“That’s the worst-case scenario,” McDermitt said. In all likelihood, he added, the hot weather stresses may break during August, but he still expects most of the area’s corn will be ready for harvest as early as Sept. 5 and certainly by Sept. 10.
Compared to 1988
Kassel said the current drought conditions, being compared to 1988, another dry and hot year, showed that corn yields around Britt, in central Hancock County, was 122-bushels-per-acre with just 9 inches of rain. Average yields a few years on each side of 1988 was around 140 bushels per acre. Kassel said 2012 drought conditions are more severe than 1988 and that farmers planted the 1988 crop into more subsoil moisture than they did in 2012.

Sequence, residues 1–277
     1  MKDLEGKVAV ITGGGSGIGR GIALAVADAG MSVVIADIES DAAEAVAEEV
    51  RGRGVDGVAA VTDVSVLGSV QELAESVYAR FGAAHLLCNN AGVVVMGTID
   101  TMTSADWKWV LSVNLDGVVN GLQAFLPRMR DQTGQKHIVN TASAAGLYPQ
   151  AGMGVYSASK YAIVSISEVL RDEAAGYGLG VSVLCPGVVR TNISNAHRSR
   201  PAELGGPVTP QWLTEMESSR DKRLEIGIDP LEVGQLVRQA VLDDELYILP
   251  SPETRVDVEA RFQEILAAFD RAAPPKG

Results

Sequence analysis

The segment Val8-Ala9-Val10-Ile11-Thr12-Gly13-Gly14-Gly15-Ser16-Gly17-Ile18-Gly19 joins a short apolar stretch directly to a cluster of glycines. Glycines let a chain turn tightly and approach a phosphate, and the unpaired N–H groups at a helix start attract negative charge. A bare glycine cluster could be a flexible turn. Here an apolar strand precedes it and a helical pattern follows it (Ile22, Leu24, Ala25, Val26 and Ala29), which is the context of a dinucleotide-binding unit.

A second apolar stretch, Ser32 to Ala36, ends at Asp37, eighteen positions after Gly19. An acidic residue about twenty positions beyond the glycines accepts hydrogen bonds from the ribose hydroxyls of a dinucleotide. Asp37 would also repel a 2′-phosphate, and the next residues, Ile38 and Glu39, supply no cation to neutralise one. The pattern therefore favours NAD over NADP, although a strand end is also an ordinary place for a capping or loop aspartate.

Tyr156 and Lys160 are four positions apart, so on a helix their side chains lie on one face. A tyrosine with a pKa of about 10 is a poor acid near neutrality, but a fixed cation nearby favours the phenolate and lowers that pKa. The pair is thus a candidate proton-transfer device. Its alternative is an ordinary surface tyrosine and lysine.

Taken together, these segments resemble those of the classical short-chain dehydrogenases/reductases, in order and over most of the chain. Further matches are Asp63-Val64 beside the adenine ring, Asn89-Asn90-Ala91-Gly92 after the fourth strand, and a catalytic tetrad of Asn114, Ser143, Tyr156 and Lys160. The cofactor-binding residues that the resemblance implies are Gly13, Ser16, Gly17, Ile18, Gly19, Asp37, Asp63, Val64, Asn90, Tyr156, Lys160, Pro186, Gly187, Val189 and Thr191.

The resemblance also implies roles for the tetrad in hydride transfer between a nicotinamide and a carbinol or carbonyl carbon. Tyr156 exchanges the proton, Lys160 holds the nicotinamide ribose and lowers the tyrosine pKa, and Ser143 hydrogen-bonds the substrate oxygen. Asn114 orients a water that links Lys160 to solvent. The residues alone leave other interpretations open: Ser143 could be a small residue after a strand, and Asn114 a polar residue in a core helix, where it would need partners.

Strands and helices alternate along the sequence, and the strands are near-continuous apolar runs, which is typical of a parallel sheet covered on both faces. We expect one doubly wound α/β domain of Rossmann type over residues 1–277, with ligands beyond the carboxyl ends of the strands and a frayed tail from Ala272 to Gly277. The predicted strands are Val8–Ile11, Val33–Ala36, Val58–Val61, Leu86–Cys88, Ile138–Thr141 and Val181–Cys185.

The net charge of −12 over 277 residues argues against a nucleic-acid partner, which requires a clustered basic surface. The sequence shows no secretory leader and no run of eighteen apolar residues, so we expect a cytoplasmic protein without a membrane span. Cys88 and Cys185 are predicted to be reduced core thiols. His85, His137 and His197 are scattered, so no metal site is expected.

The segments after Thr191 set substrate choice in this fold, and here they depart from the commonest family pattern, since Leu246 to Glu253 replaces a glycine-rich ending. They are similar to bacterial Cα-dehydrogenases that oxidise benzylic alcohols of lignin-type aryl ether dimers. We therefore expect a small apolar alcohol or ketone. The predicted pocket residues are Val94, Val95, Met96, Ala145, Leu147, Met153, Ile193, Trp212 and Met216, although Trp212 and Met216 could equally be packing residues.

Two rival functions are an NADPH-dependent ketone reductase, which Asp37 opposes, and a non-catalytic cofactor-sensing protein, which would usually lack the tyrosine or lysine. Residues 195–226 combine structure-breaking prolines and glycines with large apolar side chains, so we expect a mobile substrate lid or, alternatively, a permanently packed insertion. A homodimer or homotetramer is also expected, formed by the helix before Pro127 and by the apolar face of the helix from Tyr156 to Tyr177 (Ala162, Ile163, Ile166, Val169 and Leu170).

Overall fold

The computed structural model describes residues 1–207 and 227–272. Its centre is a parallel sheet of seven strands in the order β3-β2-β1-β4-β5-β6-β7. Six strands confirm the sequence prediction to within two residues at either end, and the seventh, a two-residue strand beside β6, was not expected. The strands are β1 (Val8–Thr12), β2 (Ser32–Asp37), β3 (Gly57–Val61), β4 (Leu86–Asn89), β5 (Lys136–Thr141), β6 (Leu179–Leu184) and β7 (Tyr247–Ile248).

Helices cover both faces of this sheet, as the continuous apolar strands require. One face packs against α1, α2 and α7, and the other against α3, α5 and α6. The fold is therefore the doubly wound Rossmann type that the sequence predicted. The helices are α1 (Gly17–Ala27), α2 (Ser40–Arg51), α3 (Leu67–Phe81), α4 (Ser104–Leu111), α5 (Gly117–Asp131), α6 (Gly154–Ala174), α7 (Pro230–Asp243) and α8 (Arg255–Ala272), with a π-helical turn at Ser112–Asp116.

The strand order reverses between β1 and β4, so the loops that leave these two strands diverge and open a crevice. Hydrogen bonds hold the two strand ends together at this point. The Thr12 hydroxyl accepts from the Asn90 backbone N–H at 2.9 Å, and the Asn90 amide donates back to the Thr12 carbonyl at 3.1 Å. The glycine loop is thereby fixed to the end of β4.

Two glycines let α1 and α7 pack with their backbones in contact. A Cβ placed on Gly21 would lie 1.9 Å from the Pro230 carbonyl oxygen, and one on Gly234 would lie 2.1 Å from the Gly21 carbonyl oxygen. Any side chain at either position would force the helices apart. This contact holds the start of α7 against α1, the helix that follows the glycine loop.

He said the area has received less than half of the normal rainfall than usual, so the prognosis was not positive for reaching high yields in 2012.
to reach trendline yields, he said crops need 20 inches of rain spread across the growing season. Since April 23, the area has received 6 inches, including just eight-tenths during July, when there have been multiple 90- to 100-degree days.
“So any loss yields now cannot be made up,” Kassel said. He estimated that trendline yields will likely be dropped by as much as 20 percent.
Still worth saving
McDermitt showed examples of ears pulled from various fields in the region that morning, showing the progress of corn. He said corn planted in mid-April had a good start, with good pollination in June and are filling kernels. However, corn planted in early May or later suffered pollination problems in the heat and showed as much as “75 percent pollination failure, and some have no ears at all.”